Believe it or not, until recently the United States—and a handful of other countries—were shipping a large portion of their recycling off to China. As of January 1, though, China stopped accepting foreign trash, ushering in what some are calling "a new era of recycling."
China claimed that so much of the recycling they received was improperly sorted and cleaned that it was no longer worth the time or money spent sifting through it. The announcement was a wakeup call for many. In response, the European Union is looking to clean up its act and reimagine its waste stream. All of its member countries are calling for packaging to be 100 percent reusable or recyclable by 2030, and some are setting sights even higher. The city of Brussels, for instance, plans to spend €100 million on plastics recycling and clean-up research and set restrictions on the production of single-use throwaway items like plastic bags.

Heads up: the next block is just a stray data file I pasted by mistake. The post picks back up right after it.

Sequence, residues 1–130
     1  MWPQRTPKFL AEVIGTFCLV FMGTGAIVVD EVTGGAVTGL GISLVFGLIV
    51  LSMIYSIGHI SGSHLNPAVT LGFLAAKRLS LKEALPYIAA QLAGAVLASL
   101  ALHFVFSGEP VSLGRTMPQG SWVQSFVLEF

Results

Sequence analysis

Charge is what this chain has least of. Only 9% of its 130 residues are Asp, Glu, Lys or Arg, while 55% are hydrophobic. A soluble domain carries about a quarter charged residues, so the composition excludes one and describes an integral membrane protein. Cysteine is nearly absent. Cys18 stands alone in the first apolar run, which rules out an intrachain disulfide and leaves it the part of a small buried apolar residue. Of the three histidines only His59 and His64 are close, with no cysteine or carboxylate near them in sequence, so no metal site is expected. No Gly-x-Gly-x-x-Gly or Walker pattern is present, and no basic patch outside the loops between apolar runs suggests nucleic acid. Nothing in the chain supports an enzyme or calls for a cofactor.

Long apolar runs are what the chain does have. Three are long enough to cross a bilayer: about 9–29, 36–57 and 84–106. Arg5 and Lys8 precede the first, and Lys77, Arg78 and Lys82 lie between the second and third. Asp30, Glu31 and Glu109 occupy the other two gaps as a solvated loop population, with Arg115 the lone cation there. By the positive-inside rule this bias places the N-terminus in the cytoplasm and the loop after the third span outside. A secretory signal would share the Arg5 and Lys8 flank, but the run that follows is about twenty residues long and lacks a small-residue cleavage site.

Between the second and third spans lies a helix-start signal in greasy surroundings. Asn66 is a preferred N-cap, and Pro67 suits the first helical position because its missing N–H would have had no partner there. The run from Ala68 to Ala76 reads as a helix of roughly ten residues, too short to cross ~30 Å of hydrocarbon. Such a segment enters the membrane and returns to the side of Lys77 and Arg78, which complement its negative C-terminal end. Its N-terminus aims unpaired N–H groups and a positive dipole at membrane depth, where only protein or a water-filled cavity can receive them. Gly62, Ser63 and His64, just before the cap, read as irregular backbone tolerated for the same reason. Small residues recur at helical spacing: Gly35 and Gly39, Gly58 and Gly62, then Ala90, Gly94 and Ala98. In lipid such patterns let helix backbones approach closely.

In the United States, where we once shipped 4,000 shipping containers full of our trash overseas daily (around $5.6 billion of exported scrap every year), response has been less sweeping. While some recycling facilities are working to develop new technologies to sift through waste (recycling robots, anyone?), others have given up. In Oregon, a dozen recyclers have gotten the green light from the Department of Environmental Quality to trash recyclables, Fast Company reports.
Around the world, trash exporters are also looking into different markets to sell to, like India, Vietnam, and Thailand. But this doesn't address the underlying problem at hand: tainted recyclables. Here are some of the best tips we've heard over the years to help you become a more effective recycler: